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You doubled checked the product key, can I suggest that you triple check! I recently searched a bunch of ways around a similar issue, turned out that I had misread an 8 as a B! A bit dim of me, but easily done.

Otherwise (with Vista, maybe with XP), there are legal ways of extending the 30 or 90 day trial period.

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I am aware that this is an old question, but feel that sharing this information might be useful for other people needing to do a reinstall of an OEM version of Windows XP. I was in exactly the same situation, I had an Acer desktop that had a Windows XP Home Edition license key on the side. This was my dad's PC and since he had passed away I wanted to reinstall the machine before I donated it to a charity organisation. I had no idea where the Acer recovery CD was that came with the machine. I had an EOM CD for Windows XP Professional but could not install that because the license was for Home Edition. I also had a Windows XP Home Edition retail CD and so tried to do the reinstall using this CD, only to find that I could not enter the OEM license key on the side of the computer, and I wanted the copy of Windows registered and activated with the license key on the computer case.

Ok. Now is the part where I tell you that it can be done, but only if you are not afraid of using an OEMBIOS changer tool to change the Windows installation from Retail to OEM. The steps for doing this are clearly outlined in this link, specifically in the section entitled "Mission 5".

The article above breaks the steps involved into two sections, 1) Detect OEM SLP string present on the machine that you are setting up and download the appropriate OEMBIOS file set, 2) Use the OEMBIOS Changer Tool to change the windows installation from retail to OEM.

Here are the steps in the article:

Mission 5.1: Detect OEM SLP string present and download other required files

  1. Download OEM BIOS BOOTABLE Image
  2. Burn the Image file to a CD
  3. Boot the CD
  4. Select 1 i.e. OEMBIOS test for Windows XP
  5. Compare the OEMBIOS.CAT CRC value, with the ones in the forum The Windows XP OEMBIOS Archive post #1 by crypto The actual archive is here.
  6. Download the appropriate Uncompressed OEMBIOS file set. (Note: Uncompressed only. Compressed file set are for those who are still to install Windows XP)
  7. Download OEMBIOS Changer Tool by 911medic. For more info, view This Forum post #1

Mission 5.2: Replace your VL or Retail License with OEM

  1. Extract OEMBIOS Changer to any Drive (In this example C:)
  2. Extract the Extract Uncompressed OEMBIOS file set which was previously downloaded to OEMBIOS changer\Uncompressed Oembios Folder (In this example C:\OEMBIOS changer\Uncompressed Oembios Folder)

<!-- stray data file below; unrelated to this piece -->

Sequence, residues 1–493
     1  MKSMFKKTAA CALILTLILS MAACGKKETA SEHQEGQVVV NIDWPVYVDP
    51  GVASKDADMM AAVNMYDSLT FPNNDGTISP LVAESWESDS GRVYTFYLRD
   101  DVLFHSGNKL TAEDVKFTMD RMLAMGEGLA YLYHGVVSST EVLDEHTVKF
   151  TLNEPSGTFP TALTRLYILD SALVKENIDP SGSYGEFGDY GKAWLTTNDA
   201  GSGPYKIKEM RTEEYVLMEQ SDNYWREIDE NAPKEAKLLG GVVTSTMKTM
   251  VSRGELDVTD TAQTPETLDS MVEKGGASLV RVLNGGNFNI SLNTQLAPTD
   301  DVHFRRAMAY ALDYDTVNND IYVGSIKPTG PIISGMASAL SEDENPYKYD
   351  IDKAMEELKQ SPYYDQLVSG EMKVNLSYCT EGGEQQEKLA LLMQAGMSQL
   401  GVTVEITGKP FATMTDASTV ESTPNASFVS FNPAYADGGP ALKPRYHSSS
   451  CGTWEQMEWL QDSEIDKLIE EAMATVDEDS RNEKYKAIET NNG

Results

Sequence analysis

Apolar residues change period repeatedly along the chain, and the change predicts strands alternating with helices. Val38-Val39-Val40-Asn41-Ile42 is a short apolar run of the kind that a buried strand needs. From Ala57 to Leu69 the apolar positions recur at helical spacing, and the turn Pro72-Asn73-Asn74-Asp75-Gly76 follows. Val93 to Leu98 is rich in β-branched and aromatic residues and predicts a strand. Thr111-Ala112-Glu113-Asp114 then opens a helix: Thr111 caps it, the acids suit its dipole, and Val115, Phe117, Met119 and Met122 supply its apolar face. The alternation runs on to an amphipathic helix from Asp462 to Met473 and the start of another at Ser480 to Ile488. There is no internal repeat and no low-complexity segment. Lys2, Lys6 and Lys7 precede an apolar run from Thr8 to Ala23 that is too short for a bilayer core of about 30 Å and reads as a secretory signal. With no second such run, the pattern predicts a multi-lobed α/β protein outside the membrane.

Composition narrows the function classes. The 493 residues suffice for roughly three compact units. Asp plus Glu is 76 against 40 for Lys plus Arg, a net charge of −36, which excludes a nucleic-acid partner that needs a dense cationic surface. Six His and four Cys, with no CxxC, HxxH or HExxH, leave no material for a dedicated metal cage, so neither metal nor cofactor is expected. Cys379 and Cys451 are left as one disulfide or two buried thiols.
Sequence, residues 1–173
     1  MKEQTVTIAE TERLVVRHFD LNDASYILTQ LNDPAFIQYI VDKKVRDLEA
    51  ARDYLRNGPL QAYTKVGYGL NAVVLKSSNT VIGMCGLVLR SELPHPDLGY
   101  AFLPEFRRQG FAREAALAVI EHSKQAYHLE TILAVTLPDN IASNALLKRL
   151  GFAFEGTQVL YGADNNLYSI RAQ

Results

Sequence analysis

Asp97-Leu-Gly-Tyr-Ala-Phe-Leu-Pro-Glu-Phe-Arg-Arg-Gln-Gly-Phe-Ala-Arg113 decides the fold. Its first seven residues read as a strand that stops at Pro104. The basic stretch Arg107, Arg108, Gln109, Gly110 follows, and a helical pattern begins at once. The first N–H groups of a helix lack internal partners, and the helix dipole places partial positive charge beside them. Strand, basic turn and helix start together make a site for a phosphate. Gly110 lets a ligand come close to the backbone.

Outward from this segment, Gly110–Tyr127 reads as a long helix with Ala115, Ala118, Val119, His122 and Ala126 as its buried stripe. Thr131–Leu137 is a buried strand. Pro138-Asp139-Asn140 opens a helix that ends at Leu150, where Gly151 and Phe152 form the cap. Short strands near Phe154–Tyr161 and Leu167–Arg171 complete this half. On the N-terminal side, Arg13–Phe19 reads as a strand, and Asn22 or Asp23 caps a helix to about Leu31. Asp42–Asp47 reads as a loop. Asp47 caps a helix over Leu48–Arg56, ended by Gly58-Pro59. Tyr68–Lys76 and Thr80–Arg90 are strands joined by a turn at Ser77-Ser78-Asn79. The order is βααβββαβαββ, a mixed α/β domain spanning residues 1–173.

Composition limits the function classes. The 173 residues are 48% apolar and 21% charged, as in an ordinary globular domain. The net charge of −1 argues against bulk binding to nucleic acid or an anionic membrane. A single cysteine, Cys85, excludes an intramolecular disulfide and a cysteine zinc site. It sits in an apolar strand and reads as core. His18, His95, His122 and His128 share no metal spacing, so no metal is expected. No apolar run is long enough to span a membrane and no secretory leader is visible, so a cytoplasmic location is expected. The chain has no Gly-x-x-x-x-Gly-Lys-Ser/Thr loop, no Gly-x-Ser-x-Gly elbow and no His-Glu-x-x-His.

3. Run the OEM.exe file in OEMBIOS changer folder. (In this example C:\OEMBIOS changer\OEM.exe)
  4. Press Any Key
  5. Press 5 and Enter
  6. Press 3 and Enter
  7. Select the option according to your Windows XP Edition and Press Enter
  8. Press Y and Enter

Note that, in my case, the four files that I needed to copy into "Uncompressed Oembios Folder" (OEMBIOS.BIN, OEMBIOS.CAT,OEMBIOS.DAT,OEMBIOS.SIG) had names that ended in underscores and I needed to correct these filenames before copying them into the specified folder. In other words, I had a file OEMBIOS.BI_ which I first had to rename to OEMBIOS.BIN, and likewise for the other files.

After completing these steps, OEMBIOS Changer Tool will prompt to restart Windows; at this point make sure that your Windows XP retail edition CD is not in the CD drive. The reason for this is that after the restart the windows installation will notice that files have been changed and will try to copy them again from the CD. So if the Windows CD is not in the drive you should get a popup saying that some files have been changed and need to be recopied from the Windows CD; it will show a button to retry the copy. Ignore this popup for the time being and first do the registration and activation of Windows. You will notice during the registration process that Windows now prompts you for a license key "attached to your computer" rather than "on the back of the Windows CD", and it will accept the key on the side of the computer case. Once the windows registration has completed and Windows XP activated, then and only then can you put your Windows CD in the drive and click on the "retry" button to let the Windows installation put the original files back so that it is happy.

So, bottom line, it can be done. It seems like a lot of steps, but is not actually that hard. And at least this way you don't have to pay the PC manufacturer just to send you an OEM version of Windows XP.

Hope this helps someone who is in a similar situation to me. :)